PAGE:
As Toronto advances into new Stage 2, it leaves business owners to make some tough decisions.
Cherry Street Bar-B-Que put out a statement on Instagram this week to let their customers know that in the best interest and safety of their staff and customers, they’ll be operating in the same capacity as they have been over the last few months.
Hello BBQ friends, I would like to provide you with an update on our plans for Cherry Street Bar-B-Que as a new phase of the Covid-19 protocols approach us here in Toronto. After discussing with staff and management, we have decided at this time that it is in the best interest and safety of our staff and guests to remain operating in the same capacity as we have over the last few months. This includes NOT OPENING our PATIO back up to the limited capacity that is being allowed. We think that the patio is best used as an additional waiting space for our guests as we prepare their food and a place for us to provide our weekend BBQ grab-and-go pop ups. From the start of the pandemic, we have tried to do our best by making the early decision to close our dining room. With this, we tailored our food and beverage menus to the new landscape that was placed ahead of us. We also made the tough decision to temporarily close down our location at the Chef's Assembly Hall which remains closed until further notice. It is in the best interest of staff and guests, that we have decided to maintain our current form as takeout only, and not allow for any seated dining on our patio. Be Safe, & Be Good People Lawrence
“This includes NOT OPENING our PATIO back up to the limited capacity that is being allowed,” the statement says.
The BBQ restaurant will be keeping their patio as a “waiting space” for guests picking up takeout, and a place for their weekend grab-and-go pop ups where people walking or biking by can enjoy BBQ safely.
Lawrence LaPianta, the BBQ joint’s owner said they didn’t jump to this decision or take it lightly.
“Different things work for different restaurants - there is no right or wrong here but we didn’t see any possible way to reopen our patio safely,” LaPianta told BlogTO.
“We still have the same patio, the same narrow hallway to get to the washroom - we just didn’t see a way that we could consciously open and run safely,” he said.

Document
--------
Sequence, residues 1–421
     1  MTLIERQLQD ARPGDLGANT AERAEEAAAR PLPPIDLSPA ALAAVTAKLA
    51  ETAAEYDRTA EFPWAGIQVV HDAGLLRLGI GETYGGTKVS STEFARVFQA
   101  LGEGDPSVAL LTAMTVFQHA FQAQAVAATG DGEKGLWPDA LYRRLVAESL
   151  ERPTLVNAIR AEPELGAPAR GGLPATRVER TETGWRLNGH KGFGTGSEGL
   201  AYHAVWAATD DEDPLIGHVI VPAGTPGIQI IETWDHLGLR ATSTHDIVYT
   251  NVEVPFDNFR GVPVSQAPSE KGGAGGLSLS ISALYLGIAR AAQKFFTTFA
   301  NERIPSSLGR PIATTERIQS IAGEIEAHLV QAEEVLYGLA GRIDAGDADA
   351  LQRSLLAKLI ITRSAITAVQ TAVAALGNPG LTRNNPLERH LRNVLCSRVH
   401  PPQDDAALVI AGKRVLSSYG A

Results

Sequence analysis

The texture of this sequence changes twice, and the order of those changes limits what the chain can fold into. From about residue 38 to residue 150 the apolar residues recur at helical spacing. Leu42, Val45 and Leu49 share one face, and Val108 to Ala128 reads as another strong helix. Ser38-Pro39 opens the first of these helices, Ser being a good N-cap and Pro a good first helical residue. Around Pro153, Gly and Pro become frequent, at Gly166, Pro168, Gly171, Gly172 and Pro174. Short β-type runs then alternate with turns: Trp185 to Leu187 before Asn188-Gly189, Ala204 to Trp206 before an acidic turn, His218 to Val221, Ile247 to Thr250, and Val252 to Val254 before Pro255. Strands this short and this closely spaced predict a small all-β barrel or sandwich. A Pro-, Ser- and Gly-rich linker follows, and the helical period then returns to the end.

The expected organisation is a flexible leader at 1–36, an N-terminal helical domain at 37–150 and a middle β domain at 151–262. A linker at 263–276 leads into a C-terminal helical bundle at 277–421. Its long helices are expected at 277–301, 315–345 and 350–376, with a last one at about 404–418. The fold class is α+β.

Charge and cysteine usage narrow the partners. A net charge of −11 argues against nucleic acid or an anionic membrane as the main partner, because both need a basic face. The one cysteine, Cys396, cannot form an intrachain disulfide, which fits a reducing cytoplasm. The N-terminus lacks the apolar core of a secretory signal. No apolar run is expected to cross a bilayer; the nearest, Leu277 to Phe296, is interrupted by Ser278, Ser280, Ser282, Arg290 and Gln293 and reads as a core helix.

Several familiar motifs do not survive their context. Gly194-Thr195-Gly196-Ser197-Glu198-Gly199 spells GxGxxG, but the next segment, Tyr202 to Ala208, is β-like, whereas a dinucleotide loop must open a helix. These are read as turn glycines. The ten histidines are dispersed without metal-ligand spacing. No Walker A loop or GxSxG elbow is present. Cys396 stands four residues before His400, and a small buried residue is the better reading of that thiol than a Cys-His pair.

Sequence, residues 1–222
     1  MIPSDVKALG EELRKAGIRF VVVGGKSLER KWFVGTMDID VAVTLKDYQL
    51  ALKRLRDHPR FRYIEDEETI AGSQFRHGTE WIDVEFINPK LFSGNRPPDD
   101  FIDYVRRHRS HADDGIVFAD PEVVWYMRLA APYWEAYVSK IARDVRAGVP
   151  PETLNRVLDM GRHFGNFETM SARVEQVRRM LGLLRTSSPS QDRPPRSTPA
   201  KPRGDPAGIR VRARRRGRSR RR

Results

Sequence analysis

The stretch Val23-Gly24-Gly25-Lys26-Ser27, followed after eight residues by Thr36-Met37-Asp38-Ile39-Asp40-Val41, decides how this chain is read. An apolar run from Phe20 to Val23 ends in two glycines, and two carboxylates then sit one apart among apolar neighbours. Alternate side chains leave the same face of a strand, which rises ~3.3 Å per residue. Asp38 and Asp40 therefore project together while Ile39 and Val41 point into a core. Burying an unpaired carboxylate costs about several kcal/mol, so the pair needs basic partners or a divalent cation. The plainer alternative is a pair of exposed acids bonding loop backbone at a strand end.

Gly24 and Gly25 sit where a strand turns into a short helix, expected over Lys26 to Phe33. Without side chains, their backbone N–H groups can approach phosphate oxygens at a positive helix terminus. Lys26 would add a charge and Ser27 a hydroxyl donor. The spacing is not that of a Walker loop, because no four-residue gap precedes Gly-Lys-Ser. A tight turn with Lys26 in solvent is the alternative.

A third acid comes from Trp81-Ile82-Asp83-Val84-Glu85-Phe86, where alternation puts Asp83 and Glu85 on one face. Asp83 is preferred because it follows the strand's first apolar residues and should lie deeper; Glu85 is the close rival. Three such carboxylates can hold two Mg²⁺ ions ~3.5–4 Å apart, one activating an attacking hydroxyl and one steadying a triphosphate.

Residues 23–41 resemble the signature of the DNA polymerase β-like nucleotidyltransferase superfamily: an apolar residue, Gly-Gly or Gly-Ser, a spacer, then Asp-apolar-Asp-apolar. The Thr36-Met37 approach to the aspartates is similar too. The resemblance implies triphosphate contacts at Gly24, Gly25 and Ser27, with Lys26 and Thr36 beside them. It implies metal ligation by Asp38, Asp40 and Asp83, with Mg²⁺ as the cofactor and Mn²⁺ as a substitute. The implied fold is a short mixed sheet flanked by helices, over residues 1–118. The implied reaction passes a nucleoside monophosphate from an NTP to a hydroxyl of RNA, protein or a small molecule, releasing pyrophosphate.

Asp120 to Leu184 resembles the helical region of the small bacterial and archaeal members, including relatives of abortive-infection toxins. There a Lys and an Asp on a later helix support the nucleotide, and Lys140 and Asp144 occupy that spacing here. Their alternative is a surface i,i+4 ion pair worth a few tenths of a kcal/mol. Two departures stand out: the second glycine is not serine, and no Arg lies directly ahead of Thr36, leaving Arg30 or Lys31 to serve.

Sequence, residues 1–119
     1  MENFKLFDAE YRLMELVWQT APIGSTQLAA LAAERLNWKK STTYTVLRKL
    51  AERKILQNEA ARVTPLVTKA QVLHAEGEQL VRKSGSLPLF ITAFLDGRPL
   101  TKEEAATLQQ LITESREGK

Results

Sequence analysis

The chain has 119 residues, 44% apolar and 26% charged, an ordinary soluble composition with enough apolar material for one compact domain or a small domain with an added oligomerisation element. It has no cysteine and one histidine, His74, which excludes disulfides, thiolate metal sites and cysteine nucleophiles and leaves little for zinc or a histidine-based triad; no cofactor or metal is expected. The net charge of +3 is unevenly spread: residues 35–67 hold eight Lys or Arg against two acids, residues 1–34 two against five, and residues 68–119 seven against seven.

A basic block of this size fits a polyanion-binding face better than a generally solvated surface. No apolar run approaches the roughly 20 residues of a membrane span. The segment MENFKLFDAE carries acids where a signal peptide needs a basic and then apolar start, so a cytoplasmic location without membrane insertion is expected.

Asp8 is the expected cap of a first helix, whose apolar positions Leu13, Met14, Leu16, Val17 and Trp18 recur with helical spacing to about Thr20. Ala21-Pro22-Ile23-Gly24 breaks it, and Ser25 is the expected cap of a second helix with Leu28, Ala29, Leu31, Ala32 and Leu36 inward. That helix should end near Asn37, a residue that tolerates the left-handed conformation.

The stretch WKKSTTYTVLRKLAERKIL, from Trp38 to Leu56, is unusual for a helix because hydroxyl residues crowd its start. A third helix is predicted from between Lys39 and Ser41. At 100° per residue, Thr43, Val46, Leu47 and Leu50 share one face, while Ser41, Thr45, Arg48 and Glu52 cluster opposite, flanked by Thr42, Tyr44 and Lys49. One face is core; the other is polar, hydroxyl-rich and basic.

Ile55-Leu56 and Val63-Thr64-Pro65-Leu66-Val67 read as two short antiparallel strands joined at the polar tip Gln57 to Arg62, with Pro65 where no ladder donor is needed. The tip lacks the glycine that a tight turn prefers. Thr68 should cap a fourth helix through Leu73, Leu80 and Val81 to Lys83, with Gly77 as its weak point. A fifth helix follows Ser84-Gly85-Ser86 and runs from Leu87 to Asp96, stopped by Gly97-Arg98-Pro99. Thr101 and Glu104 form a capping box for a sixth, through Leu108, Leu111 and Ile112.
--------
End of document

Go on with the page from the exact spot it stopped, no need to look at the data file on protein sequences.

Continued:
According to LaPianta, the restaurant already has plexiglass shields, staff who sanitize door handles after use, and have designated entrance and exit doors for when people pick up food.
“We put safety at the forefront,” LaPianta says. “But we can continue to make food for people.”
Instead of rushing to open their patio, LaPianta says his restaurant is focused on a really well-executed takeout program instead of having to deal with the confusion and potential safety hazards of opening.
While the Port Lands restaurant opts out of a patio summer for the sake of their staff and customers, most bars and restaurants have chosen to implement safety protocols that will make staff and customers feel safe enough to return.
The Pilot, a multi-level bar in Yorkville that’s been around since the 1940s, decided to reopen their patio last week.
According to Trevor Kenny, The Pilot’s social media manager, the bar set up a “COVID Team” to come up with Pilot-specific protocols that adhered to the ones laid out by Toronto Public Health and the Provincial government.
“We had to adjust on the fly to new regulations as they were rolled out but our team managed to pull together,” Kenny said.
Their new protocols include tables spaced six-feet apart, social distancing signage, and sanitation stations.
Menus will also be viewable on phones, minimal contact payment will be available, and all staff have to wear masks while working.
Kenny said the feedback they have received from customers via social media, in person, and through reviews has been very positive.
by Sami Chazonoff via blogTO